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Terminology ignites responses from readers
LIKE IT IS
“(In regard) to your article about your church’s struggle with the issue of homosexuality in the church, I take exception to the use of the terms ‘Lutheran churches’ and ‘Lutherans have,’” writes Dennis Splett of Bremerton.
“I am confident that had you given it some thought you would have realized that those terms, as seen by most of your readers, are inclusive of all Lutheran churches and synods. It would have been better if you had maintained a narrower definition of your church, Our Saviour’s, and the ELCA.
“Had you done that, I and many other Lutherans would not be called to explain to anyone why we are holding hands with the Episcopalians on this issue, why we have gay pastors (regardless of how they are qualified) and why we are performing gay marriages. My Lutheran church is doing none of these things and when it begins to do them I will no longer be a member of that church.”
I wrote early in that column that, “We took a vote in the church years back on where we stood when it comes to allowing partnered gay clergy to serve and permitting the marriage in the Evangelical Lutheran Churches in America of lesbians and gays.”
I specified ELCA in every column I wrote about the issue, so readers should have been aware the Lutherans I spoke of are not the Missouri Synod, Wisconsin Synod or other Synods not affiliated with the Episcopal Church, thus not involved in the effort by the hierarchy of the ELCA and their new partners to allow gay pastors and gay marriages.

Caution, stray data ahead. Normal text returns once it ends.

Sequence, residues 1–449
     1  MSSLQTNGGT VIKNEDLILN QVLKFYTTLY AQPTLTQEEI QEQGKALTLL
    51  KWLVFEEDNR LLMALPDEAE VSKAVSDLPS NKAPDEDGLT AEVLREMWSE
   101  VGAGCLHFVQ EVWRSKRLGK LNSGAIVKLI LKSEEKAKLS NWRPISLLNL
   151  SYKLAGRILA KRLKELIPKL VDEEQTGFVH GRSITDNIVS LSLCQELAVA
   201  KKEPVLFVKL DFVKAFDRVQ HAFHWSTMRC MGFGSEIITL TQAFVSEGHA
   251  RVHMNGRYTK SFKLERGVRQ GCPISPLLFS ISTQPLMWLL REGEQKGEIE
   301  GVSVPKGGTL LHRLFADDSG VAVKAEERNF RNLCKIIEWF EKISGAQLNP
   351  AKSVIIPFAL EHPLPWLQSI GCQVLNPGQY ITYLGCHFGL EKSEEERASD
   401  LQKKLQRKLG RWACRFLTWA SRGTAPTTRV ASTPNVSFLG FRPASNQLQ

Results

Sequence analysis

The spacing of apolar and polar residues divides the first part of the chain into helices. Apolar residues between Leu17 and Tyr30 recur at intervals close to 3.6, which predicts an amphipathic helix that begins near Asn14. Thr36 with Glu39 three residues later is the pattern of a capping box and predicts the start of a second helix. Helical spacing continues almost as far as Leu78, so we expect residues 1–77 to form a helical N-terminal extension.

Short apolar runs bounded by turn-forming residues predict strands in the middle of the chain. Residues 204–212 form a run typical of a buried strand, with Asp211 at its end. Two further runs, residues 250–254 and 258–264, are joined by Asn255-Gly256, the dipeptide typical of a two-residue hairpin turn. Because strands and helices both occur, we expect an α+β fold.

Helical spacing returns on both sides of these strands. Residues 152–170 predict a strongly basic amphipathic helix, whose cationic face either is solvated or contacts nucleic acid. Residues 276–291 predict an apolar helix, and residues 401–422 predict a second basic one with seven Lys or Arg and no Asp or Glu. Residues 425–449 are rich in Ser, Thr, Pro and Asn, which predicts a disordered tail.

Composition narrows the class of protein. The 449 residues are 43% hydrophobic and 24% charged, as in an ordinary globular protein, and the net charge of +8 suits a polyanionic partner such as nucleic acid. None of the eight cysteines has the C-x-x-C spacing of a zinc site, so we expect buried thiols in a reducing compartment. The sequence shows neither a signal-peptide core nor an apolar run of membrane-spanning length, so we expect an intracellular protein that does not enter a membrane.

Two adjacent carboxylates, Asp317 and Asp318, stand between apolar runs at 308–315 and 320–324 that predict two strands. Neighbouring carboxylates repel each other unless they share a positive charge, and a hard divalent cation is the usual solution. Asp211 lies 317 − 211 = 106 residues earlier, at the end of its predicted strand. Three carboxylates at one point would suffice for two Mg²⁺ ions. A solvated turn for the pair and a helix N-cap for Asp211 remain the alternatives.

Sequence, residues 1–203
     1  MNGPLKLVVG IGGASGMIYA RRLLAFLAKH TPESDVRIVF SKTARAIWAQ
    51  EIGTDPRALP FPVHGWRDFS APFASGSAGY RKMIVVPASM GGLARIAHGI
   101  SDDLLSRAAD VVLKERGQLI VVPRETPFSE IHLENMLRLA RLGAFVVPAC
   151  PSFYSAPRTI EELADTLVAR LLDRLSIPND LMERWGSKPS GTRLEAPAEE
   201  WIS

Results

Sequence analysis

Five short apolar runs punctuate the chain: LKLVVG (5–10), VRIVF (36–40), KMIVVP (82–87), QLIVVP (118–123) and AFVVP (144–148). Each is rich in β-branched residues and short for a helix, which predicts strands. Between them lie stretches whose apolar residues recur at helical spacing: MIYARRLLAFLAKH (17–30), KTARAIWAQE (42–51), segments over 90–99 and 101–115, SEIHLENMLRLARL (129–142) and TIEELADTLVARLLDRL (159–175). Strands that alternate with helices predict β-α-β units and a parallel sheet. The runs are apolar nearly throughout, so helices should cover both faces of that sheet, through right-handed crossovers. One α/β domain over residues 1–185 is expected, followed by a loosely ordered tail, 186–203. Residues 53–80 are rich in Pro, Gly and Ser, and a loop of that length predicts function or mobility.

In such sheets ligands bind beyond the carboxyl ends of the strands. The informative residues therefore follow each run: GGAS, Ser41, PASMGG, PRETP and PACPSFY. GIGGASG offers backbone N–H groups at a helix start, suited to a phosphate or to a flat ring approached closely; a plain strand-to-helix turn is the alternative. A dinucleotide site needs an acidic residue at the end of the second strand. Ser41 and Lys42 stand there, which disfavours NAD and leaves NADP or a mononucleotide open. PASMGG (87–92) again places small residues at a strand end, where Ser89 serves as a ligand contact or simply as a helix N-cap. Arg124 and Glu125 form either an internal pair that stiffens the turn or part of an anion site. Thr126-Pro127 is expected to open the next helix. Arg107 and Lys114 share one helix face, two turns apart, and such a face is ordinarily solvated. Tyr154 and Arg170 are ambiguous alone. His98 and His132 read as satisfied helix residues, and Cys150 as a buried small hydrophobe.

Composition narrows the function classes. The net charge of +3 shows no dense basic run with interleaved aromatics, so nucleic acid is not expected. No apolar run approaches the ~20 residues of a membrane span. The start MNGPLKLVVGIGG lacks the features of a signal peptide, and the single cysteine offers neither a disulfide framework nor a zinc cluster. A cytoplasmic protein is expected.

I mislaid a letter from another reader who took issue with my saying that, “Homosexuals are welcome in my church. They may sit by me if they choose.”
I said that because when I told the group I was meeting with that while I opposed gay pastors and gay weddings in the church, I was not opposed to homosexual members. A person in the group asked me if such members could sit by me. I said yes, if they choose to do so.
The meetings I was writing about were held in October, about 120 nationwide, to discuss the first draft of an ELCA social statement on human sexuality. A task force will review responses and revise it for action at the annual church-wide meeting next year.
The Lutheran magazine reported on the meeting of the Southwest Washington ELCA group in Olympia and said the topics receiving the most discussion were whether sexuality was a choice, the weighting of religion against science, commitment ceremonies and the definition of marriage as between a man and a woman.
Those attending our local meeting were asked to send their individual assessments and suggestions to the ELCA headquarters in Chicago. I wrote what I have said all along, and my church has voted in large numbers for — a ban on gay pastors and gay marriages, both of which are being done anyway despite being against church rules. I also said I believe merging with the Episcopalians was a mistake.
I received an answer from Katie English, communications coordinator for the Task Force for ELCA Studies on Sexuality, saying my comments would be passed along to the Task Force.
“The subject of sexuality, and particularly the subject of homosexuality, brings to the fore our strongest convictions,” she wrote. “There are many in the church who share your view and many who think quite differently.”
The church has been urged, she said, “to concentrate on finding ways to live together faithfully in the midst of disagreements, recognizing the God-given mission and communion that we share as members of the body of Christ.”
I just wonder how many times congregations have to say “no” to be believed.
Adele Ferguson can be reached at P.O. Box 69, Hansville, WA 98340.